I spent a year editing How It’s Made, exhaustively exploring the rhythm of machinery and human interaction. Working on the program was about as assembly line a job as I ever had too, so my psyche was nicely aligned to the content, until I couldn’t handle watching one more piece of sheet metal get pressed into the form of a sink, or another injection mould endlessly pump out toothbrush stems. I ended up getting my kicks imagining editing an hour long assembly of… something, never revealed except in a series of extreme close ups, made of plastic, wood, stone, every material imaginable.
What the title of Rahul Jain’s Machines, screening at CPH:DOX refers to gets blurry over time. Is it the coal ovens, silk screen printers and rollers that never seem to stop churning out textiles, or the people stoically operating them, working back to back 12 hour shifts to support their families? The distinction is made all the more slippery by the fact that almost nobody speaks in the film. This isn’t manual labor buoyed by friendly chatter, it’s mechanical, silent work done by men who look dead behind the eyes.
I’ve got a soft spot for the quiet, lingering doc that hypnotizes me. Having the time to submerge into simple moments make those moments stay with me longer, play out in my head, get re-evaluated depending on context. The thing I tell creators the most in trailer workshops is to let their scenes breathe more. Give us a chance to be there.
I re-imagined the film as an interactive piece, somehow immersing the viewer in the smell and sights and sounds of that hellish workplace. It wouldn’t require any more talking, just a different frame, with so and so’s name, from such and such a province, however many km away. How many kids they have, how many hours a week they have to work, what their life expectancy is after exposure to chemicals and the relentless wear and tear of heir brutal pace.
Not for the feint of heart, but well worth your time.
Less so the first batch of VR on display at the Charlottenborg Kunsthal. The impact series let me down. I spent most of the time wondering why the pieces were VR. Trevor Snapp’s We Who Remain was apparently about the people of the Nabu mountains in Sudan, but it was edited like a film, one with narration and graphics and multiple characters and no clear storyline. I spent real time trying to figure out what the film was about. Not a promising sign.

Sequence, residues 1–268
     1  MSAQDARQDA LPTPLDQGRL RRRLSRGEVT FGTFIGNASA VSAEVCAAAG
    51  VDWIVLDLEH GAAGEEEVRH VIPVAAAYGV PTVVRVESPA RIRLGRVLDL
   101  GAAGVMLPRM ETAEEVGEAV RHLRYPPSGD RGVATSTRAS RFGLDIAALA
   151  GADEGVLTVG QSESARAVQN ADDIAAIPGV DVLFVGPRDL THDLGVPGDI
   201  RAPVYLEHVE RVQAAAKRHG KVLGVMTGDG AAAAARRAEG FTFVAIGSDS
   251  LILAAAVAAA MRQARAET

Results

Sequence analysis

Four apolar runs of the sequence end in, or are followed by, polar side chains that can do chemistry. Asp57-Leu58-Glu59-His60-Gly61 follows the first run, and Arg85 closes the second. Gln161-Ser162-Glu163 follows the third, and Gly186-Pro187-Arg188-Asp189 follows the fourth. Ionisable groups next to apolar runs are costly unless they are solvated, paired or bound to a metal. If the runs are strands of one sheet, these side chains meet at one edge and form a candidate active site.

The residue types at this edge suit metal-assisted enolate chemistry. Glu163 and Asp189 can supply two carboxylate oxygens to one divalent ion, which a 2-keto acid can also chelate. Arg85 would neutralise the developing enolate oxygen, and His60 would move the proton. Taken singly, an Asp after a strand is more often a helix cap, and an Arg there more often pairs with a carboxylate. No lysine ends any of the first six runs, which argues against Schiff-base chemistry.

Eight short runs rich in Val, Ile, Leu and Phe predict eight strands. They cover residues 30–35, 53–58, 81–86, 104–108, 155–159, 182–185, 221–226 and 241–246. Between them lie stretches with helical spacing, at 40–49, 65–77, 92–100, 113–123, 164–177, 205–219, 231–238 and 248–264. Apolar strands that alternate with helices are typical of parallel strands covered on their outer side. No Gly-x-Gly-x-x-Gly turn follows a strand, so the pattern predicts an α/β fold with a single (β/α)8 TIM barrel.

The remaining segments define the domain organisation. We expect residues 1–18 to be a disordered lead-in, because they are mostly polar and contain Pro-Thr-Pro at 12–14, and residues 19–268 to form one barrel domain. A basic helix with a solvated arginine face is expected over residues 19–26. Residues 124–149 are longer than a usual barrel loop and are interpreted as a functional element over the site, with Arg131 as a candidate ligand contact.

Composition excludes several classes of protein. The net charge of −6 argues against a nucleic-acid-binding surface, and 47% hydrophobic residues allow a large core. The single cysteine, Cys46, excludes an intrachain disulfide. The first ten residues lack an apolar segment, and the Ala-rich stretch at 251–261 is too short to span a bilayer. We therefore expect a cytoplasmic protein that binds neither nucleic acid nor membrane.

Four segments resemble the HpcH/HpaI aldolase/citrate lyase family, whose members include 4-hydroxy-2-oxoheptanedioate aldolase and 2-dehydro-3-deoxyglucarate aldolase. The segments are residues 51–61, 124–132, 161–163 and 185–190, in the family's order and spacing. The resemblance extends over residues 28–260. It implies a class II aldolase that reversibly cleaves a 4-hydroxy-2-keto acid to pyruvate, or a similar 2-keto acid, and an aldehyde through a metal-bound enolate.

Jayisha Patel’s Notes to My Father had more going for it. From the Indian heartland a young woman is trafficked into the sex trade, but most of the film is spent at the family abode. Gorgeous rice fields are seriously heightened in 3d, and there are some genuine moments where time is allowed to pass quietly, slowly, where you can be where you are. But narratively the piece gets muddled, and, like We Who Remain, I struggled to figure out what the piece was really about.
Honestly people, abandon the idea that VR should be like film. Figure out what the language is.
There’s one moment of Inside Auschwitz where I feel the shivers up my spine that I should: when we’re at the ovens, and one can look around, take in the evil, where it’s quiet enough to let the awfulness wash over you. If the piece had been only that it would have been 50 times more powerful.
A conversation about storytelling today was about the unique possibility of doc to let contradictions tell the story, to trigger the audience to feel and think what the subject does, that gives doc the narrative advantage that it has over fiction. VR is well on the way to finding its edge, but that means letting go of cinematic tropes.
VR is just a kid, folks. Let it become the grown up its meant to.